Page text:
Cheating in Business

The other day I was having a discussion about ethics.

My cousin, who lives in southern California and is a successful business owner, had told me she was going to vote for Donald Trump.

“Why,” I asked.  She replied he was a wildly successful businessman and she admired him for that.  I reminded her that he had filed bankruptcy more than once, signed contracts knowing he wouldn’t honor them and pretty much stiffed quite a few people that we knew personally back in New York and New Jersey.   That didn’t seem to matter to her.

Her husband is an Army vet and he too is voting for Trump.  I proceeded to ask him the same question and got the same answer.  “How about what he said about John McCain,” I said.  “He said McCain was no war hero.  Doesn’t that bother you,” I asked.  “Nope, did have a problem at the time, but hey McCain is supporting Trump these days.  I guess all is forgiven,” he said.   I must admit I was very dumbfounded by this exchange.

Speaking to a friend on Monday, I told her of this conversation.  She looked at me, shook her head and proceeded to tell me that I was very naïve.  “Please don’t change,” she said, “after all these years you are still thinking people are basically good.  I love you for that.”  Then she went on to say that business people admire Trump for his business practices and in fact, they wish they could get away with his shenanigans too.

Is it true that most business people would love to cheat in business?  Would they really like to stiff their employees by paying them for a 32 hour week instead of the 40 hours they actually did?  She tells me that this practice happens all the time, especially when jobs are hard to find.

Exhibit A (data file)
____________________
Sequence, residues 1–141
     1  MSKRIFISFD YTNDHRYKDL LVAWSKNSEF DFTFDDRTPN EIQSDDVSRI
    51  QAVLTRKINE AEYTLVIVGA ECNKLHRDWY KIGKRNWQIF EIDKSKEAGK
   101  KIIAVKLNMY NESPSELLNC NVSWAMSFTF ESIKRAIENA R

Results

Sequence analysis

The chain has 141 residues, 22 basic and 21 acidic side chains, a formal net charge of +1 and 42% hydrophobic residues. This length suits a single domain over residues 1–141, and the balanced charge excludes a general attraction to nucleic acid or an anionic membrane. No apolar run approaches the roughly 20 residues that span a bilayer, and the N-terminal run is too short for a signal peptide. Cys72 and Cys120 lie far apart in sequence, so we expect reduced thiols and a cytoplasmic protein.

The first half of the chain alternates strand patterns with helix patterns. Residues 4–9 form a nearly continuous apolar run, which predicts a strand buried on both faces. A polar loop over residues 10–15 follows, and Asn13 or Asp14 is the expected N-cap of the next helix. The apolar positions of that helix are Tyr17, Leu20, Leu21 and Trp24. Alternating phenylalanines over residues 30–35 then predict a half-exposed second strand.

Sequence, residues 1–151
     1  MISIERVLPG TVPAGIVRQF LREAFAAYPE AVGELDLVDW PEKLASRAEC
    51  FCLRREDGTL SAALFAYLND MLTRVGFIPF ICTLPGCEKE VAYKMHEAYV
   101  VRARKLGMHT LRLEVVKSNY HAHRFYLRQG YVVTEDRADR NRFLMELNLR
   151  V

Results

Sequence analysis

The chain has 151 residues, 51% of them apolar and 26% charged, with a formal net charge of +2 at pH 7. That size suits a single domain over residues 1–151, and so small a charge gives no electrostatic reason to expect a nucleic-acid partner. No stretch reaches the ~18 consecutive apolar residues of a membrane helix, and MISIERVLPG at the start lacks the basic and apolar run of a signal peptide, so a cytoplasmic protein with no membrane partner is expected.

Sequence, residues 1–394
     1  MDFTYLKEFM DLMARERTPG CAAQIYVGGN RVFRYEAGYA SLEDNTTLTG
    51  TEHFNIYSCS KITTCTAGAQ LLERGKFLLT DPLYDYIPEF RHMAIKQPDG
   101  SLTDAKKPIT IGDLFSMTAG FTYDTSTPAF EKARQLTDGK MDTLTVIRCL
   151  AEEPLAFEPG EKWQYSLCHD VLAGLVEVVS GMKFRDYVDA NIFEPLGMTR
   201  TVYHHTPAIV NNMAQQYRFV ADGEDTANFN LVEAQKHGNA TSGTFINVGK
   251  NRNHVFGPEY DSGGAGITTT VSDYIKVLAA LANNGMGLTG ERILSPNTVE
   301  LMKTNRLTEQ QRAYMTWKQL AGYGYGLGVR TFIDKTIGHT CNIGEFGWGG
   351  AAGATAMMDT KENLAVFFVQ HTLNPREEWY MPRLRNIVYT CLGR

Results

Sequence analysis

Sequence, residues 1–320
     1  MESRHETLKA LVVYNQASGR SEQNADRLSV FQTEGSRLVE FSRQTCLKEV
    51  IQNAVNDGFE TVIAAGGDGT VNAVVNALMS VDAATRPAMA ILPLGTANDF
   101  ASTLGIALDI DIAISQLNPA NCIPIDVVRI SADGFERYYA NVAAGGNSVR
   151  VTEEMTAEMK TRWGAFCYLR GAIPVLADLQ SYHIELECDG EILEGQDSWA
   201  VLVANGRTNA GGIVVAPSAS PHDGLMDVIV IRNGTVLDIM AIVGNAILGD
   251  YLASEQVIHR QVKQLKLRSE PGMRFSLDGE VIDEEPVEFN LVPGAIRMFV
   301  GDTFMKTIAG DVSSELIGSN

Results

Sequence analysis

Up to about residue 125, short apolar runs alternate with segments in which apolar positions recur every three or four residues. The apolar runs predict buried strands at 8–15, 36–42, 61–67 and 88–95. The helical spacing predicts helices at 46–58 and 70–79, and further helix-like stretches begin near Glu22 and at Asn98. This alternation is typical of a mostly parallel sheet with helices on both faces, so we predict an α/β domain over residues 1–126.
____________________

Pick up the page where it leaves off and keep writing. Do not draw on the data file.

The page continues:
My father used to tell us kids that while we may be living in public housing and didn’t have much money we could hold our heads up high because we lived an honorable life.   He impressed upon us that our good name was the only asset we had to lose by doing wrong.  He also said that any job was a job worth doing as long as it wasn’t illegal or immoral.

I am wondering what my father would be thinking these days.  How did it happen that we treat people with such disrespect?  How did it happen that we don’t seem to care for our fellow man?  When did it become okay to cheat people in business?  And more importantly, when did this become acceptable?

Maybe I am naïve, but I think I’ll continue to believe that the vast majority of people are like me and my Dad, at least here in Auburn.

-Rosalie Wohlfromm, Auburn Resident